The vision and skill of the island laird, John Traill, led to the great agricultural improvements that included the building of the sheep dyke. His talent in administration led to the structure for the management of the sheep themselves in the regulations of 1839.

These were carefully worked out between the laird and the crofters and they covered the maintenance of the sheep dyke as well as the management of the flock.

On the one hand, each crofter has to right to keep a certain number of sheep on the shore. On the other, there is a duty to repair and maintain the dyke “in proportion to their allocation of sheep”


The callout for work on the dyke would come from the Sheepmen, who were appointed by election, two from each of the five Toonships on the island, to administer the various duties and ensure that the regulations were adhered to.

The dyke has been carefully built to reduce the pressure on it from a variety of factors. In parts of the island where sand blows up onto the fields, there are square openings built into the structure to allow sand to pass through and reduce the weight of it that would otherwise build up.

Throughout the twelve-mile extent there are holes between the stones to let the wind blow through, and this reduces the damage from storms, but the sheer force of a winter gale can be very destructive and take down stretches of dyke, as writers in the island record in particularly bad years.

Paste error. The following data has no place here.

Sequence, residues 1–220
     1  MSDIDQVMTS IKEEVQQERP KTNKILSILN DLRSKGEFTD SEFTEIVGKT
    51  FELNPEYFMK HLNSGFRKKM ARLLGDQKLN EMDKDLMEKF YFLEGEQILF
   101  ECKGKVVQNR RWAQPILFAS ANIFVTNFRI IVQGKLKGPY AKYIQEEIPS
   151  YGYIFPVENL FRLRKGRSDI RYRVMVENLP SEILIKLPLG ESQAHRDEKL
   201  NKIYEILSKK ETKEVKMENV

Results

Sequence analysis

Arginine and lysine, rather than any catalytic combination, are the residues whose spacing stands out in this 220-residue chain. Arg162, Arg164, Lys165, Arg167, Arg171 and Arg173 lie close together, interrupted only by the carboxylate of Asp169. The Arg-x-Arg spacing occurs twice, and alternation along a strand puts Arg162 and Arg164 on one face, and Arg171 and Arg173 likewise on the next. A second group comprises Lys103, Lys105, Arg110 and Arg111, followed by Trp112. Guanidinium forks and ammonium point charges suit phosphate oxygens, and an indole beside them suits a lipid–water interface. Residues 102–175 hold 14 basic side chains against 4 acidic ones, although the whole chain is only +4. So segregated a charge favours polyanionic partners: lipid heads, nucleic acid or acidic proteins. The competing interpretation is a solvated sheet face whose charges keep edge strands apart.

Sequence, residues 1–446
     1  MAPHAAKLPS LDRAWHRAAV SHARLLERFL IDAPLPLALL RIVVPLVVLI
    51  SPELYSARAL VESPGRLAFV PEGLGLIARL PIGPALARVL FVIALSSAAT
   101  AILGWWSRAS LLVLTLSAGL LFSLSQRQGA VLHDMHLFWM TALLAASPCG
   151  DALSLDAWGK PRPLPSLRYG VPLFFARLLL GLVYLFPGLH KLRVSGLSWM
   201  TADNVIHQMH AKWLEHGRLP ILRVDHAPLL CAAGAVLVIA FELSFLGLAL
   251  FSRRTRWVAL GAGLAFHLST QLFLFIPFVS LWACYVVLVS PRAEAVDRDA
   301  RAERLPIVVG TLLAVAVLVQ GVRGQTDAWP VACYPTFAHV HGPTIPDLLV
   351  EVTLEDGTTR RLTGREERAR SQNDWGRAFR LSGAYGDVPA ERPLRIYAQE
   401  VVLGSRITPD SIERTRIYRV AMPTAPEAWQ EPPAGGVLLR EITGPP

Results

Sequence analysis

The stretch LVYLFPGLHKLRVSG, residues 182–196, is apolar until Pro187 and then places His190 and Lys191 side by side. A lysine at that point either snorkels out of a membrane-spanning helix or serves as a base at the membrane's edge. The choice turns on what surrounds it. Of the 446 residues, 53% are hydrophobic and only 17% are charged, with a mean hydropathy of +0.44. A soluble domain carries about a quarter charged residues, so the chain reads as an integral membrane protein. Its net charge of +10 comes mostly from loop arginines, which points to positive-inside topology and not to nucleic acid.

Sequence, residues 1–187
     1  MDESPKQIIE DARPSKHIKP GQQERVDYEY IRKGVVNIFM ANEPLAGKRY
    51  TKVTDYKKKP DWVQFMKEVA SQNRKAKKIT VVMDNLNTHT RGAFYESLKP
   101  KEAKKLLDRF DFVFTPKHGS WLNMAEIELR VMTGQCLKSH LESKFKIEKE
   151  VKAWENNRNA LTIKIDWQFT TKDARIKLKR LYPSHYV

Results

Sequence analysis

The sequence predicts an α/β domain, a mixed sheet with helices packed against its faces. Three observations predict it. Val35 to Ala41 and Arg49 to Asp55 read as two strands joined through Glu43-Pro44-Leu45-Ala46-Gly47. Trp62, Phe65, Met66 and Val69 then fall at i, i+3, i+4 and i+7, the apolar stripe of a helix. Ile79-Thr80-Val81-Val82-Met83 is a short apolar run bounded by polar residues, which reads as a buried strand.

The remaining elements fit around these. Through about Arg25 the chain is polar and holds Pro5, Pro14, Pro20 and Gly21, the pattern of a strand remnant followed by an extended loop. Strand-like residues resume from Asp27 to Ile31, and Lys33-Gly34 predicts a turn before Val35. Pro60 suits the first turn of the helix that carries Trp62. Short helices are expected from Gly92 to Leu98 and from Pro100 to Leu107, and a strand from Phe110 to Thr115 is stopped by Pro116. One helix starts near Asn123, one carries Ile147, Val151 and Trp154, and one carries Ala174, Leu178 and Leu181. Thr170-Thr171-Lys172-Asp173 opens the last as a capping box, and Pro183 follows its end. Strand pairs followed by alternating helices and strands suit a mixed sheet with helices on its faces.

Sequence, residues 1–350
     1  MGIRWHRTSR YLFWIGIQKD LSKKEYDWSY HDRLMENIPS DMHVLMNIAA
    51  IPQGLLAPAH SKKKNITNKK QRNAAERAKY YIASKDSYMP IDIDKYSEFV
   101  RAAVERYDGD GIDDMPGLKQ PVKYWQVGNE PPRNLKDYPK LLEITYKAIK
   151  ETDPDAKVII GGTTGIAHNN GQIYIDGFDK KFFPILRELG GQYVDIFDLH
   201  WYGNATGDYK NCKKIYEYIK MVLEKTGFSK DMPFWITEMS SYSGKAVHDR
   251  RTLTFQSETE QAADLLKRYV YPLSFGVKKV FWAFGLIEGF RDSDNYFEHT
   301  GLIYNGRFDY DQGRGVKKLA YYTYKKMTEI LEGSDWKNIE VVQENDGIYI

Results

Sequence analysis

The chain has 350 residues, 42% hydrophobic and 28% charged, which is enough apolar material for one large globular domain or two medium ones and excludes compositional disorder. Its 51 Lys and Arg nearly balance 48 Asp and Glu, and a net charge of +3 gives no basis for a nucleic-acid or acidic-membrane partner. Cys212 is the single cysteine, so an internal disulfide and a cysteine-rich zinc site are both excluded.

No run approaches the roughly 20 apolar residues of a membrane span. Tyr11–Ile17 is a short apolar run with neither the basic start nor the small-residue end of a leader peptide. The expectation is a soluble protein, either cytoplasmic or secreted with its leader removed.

”The gales have done tremendous damage. During one tide, from flood to first ebb, miles and miles of the sea dyke have been torn away. The sea roared in, meeting local water, flooding roads, and producing a scene of such destruction that has not been approached since 1937, when there were far more people to repair the dykes.

“The waves were so huge that they were right over the store at the foot of the pier, and it was quite terrifying to look out of our upstairs windows to see waves coming in over the dyke, and at their height towering up above the roof of the house on the other side of the loch.

“Hundreds of sheep poured in through all the gaps and ran in flocks up the rods, over the fields and round the stack. Their hooves pounded past us as we went to feed the cattle in the byres, sixty or more sheep racing through the yard.”
(Christine Muir, Orkney Days, 1986)